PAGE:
Castro’s Broth, Symbol of Cuba’s Decline

The lady drank everything in one long drink and crossed the street, avoiding the puddle of sewage right in front of the improvised food service point. (14ymedio)

14ymedio bigger 14ymedio, Juan Diego Rodríguez, Havana, January 12, 2024 — The woman quickened her pace until she reached the corner of Reina and Manrique streets, in Centro Habana. In front of a table with flimsy legs with a pot on top, she ordered “a broth for 30 pesos.” The vendor served her a pale liquid in which small pieces of something floated. The lady drank everything in one long drink and crossed the street, avoiding the puddle of sewage water right in front of the improvised food service point.

The ethnologist and jurist Fernando Ortiz defined Cuban culture as an ajiaco — a rich chicken stew made with three types of potatoes — because it mixed African, Spanish and indigenous, plus countless customs of those who migrated to the Island from different latitudes. Dense and made from rich meats and vegetables, this Creole dish could “raise a dead man,” as described by the elders, but its preparation is very difficult today, with its ingredients missing from the market platforms or extremely expensive.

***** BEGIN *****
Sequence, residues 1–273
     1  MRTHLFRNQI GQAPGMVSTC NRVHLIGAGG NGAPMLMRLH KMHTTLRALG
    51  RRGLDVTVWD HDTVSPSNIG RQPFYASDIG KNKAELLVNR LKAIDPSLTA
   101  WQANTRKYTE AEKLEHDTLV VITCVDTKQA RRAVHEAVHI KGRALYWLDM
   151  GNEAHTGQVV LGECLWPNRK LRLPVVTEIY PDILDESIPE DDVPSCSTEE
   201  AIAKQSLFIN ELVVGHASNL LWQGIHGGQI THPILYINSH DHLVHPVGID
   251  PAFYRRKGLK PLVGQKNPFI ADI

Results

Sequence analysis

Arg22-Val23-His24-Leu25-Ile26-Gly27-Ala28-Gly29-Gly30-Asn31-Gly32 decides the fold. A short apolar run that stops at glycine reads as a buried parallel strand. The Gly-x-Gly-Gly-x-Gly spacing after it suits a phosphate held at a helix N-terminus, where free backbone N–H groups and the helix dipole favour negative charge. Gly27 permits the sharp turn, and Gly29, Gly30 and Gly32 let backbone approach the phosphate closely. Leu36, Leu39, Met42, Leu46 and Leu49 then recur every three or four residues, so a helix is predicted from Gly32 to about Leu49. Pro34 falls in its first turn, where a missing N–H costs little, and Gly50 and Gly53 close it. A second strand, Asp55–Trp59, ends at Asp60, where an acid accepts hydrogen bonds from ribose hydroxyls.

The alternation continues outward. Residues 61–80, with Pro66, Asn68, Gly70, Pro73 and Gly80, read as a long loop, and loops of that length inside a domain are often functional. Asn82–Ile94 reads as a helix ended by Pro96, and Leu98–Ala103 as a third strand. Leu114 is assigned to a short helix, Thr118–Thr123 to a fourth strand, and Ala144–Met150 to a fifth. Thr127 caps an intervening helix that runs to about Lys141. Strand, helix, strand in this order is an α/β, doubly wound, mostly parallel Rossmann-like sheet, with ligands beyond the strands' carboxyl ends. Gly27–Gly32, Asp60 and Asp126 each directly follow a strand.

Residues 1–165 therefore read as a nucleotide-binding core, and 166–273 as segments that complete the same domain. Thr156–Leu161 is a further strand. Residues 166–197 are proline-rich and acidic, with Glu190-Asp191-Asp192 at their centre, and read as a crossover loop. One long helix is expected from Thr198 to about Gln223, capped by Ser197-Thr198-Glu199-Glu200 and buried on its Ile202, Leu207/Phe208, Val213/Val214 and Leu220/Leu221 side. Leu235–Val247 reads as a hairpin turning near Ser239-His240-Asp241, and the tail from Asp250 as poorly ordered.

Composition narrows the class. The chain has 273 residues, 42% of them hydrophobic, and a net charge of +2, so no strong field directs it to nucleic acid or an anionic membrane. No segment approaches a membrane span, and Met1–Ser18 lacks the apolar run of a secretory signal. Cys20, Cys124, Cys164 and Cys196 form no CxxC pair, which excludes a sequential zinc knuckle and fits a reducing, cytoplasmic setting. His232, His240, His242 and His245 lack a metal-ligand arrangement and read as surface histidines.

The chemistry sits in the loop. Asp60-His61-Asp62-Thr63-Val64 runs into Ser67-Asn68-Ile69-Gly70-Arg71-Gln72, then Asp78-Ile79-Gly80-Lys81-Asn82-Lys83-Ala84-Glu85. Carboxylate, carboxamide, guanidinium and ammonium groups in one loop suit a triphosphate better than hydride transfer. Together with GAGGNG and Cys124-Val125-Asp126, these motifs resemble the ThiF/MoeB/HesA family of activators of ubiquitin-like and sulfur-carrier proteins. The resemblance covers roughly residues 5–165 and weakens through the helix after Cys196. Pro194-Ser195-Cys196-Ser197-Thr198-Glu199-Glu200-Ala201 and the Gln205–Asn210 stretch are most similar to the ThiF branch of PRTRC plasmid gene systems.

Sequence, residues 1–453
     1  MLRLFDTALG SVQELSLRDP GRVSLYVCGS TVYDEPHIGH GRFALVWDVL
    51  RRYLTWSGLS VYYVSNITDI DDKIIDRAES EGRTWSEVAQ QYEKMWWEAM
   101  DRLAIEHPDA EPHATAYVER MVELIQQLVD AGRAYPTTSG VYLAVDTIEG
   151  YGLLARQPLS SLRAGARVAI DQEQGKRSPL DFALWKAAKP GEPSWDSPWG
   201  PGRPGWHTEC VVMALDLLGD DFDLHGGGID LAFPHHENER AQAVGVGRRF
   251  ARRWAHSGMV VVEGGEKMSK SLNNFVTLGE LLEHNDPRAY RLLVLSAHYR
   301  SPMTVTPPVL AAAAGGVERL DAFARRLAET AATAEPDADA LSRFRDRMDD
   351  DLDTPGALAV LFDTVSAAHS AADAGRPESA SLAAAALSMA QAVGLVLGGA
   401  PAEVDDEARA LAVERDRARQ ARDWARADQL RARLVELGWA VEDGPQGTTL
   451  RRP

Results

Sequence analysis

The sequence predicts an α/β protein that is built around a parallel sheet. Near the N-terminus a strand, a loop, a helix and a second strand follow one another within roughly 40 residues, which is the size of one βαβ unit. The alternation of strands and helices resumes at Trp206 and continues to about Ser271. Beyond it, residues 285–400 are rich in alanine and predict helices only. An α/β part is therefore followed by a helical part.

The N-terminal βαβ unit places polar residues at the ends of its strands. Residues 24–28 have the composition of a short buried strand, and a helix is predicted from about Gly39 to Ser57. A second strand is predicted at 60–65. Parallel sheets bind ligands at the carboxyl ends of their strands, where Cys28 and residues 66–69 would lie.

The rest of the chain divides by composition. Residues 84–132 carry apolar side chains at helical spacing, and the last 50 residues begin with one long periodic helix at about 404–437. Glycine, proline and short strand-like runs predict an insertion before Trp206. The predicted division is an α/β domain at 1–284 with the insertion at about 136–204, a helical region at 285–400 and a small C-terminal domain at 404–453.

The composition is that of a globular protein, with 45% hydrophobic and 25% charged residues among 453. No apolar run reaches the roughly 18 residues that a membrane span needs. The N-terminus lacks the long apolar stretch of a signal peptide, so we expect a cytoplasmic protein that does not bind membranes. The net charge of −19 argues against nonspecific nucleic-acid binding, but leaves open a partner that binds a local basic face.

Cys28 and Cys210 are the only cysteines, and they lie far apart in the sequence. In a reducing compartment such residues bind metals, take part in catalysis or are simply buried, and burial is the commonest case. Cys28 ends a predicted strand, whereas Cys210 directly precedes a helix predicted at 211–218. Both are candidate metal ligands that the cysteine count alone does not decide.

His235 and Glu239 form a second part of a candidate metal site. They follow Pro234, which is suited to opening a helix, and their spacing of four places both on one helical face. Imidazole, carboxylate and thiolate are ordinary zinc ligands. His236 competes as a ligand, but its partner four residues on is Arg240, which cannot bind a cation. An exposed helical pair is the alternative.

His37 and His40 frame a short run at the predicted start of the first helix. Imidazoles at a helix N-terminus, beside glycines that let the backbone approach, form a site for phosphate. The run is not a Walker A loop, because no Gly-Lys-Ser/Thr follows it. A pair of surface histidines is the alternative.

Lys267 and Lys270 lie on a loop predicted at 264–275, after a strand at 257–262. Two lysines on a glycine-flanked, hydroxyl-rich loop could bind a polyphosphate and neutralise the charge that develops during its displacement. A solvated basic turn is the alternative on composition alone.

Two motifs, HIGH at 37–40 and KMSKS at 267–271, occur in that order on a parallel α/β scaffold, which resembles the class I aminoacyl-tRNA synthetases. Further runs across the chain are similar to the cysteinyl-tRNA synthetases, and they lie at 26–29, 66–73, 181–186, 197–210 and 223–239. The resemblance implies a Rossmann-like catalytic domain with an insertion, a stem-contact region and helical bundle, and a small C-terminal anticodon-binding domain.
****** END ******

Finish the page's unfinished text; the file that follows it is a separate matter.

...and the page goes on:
There are levels and levels of broth. (14ymedio)

Instead, it is more common to find its poor cousin: broth. A lot of water, no corn and, instead of cassava or malanga, they barely add bananas or a few portions of sweet potato, which are cheaper and easier to find. The main menu of the official celebrations every September 27, the eve of the anniversary of the Committees for the Defense of the Revolution, this is identified with the bungling and crisis that characterize the Cuban system, which is why it has become the signature recipe of Castroism.

However, there are levels and levels of broth. The one that was sold this Thursday in a doorway on Reina Street, just outside a small agricultural market, had gone down a few more steps in quality and respect for the consumer. Without any aroma coming out of the pot, with the stench of sewage accumulated a few centimeters away and made from very few components, the recipe had degenerated until it looked like warm water with shells.

Today’s Cuba is more like a broth than an ajiaco. Gripped by the exodus, the lack of culinary references and the economic disaster, its formula has become as impoverished as the reality. Better to swallow it quickly and holding your breath, so that it fills the stomach but does not harm the palate, as did the woman who today, in Central Havana, asked for the smallest serving because she did not dare to take the largest glass, at a price of 80 pesos.


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